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April 18, 2013

The Benefits of Child Care Go Beyond One Day

Putting the mommy wars aside, all parents—working full time or part time, work-at-home or stay-at-home—understand the benefits that an educational childcare provider can offer: socialization, positive learning experiences and relationship-building skills. According to a National Institute of Child Health and Development (NICHD) study, high-quality child care is linked to better cognitive development through age 4½ and to more positive social behaviors through age 3.

It’s tempting for parents to try and have the best of both worlds by enrolling for one-day-a-week care, but an education-based childcare center is not to be confused with a babysitting service that gives parents a day to themselves. One-day-a-week care can have adverse effects. It can be a challenge for the child to establish relationships with classmates or teachers because the constant, steady interaction with these individuals is missing. Teachers are successful educators when they can read a child’s cues, ensuring they don’t overstimulate or can prevent a meltdown. If a child is only in class one day a week, it will take much longer for a teacher to understand their behavior traits.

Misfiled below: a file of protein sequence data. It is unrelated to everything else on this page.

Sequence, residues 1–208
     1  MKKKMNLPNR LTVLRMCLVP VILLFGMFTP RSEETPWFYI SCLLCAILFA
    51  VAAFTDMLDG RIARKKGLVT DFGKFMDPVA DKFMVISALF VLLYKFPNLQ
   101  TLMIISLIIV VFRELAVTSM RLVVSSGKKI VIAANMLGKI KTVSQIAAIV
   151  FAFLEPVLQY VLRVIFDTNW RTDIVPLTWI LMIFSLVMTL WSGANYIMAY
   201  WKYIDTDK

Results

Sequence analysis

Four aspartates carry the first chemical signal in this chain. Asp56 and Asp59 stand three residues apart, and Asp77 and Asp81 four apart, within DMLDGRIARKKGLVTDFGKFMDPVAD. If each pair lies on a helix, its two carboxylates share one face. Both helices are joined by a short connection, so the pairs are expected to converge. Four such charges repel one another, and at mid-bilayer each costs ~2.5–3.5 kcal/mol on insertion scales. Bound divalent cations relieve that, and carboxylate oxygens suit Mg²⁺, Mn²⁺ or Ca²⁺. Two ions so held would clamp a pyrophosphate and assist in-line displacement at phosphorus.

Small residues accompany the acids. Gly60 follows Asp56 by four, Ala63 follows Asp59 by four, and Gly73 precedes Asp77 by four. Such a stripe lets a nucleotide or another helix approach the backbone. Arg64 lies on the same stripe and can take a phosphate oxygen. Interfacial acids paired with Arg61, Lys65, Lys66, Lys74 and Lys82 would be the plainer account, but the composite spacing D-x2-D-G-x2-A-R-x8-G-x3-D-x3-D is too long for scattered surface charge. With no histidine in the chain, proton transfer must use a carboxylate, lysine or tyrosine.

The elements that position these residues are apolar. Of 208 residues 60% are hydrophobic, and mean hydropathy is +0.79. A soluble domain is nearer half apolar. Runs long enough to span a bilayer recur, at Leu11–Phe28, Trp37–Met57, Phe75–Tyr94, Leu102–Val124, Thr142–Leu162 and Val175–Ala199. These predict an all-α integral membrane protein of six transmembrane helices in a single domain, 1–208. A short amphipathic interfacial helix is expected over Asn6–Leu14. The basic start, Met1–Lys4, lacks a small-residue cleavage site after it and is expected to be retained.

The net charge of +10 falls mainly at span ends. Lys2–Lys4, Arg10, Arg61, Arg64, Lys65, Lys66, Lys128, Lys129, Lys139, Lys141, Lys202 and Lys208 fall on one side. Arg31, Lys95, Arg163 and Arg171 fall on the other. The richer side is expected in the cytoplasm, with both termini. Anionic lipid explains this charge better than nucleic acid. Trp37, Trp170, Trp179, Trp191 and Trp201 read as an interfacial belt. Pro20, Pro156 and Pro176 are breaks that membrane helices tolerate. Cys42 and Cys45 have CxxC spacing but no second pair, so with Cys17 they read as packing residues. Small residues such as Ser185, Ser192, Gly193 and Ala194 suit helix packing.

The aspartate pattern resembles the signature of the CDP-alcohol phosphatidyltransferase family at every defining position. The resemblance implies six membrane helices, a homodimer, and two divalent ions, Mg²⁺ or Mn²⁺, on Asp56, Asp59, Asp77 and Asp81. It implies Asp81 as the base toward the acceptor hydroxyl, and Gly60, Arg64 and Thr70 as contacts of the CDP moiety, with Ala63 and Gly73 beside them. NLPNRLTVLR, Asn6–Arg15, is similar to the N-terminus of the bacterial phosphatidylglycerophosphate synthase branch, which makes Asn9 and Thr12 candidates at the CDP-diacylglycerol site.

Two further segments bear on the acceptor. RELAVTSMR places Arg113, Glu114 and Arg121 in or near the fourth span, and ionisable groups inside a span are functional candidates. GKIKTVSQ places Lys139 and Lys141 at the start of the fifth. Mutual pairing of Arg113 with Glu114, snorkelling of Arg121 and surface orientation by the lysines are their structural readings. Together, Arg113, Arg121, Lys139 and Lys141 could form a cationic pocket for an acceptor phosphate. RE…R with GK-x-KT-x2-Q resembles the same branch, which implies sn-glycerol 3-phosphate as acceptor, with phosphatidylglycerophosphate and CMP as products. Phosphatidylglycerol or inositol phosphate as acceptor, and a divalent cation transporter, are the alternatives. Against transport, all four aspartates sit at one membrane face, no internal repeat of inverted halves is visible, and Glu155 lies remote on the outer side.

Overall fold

Additionally, children strive on routines, as they feel most secure when their life is predictable. That feeling of safety lets them explore their surroundings and builds confidence. Enrolling your child for the same one day every week may be a routine to you, but young children have little concept of time. One day a week does not give the child the ability to adapt to the routine of child care, including: drop off, saying goodbye, the class schedule (naps, lunch, etc.). This inconsistency can lead to her acting out the next day as she struggles to adjust.

To find out more about educational child care or enrollment, please visit www.doodlebugs.com.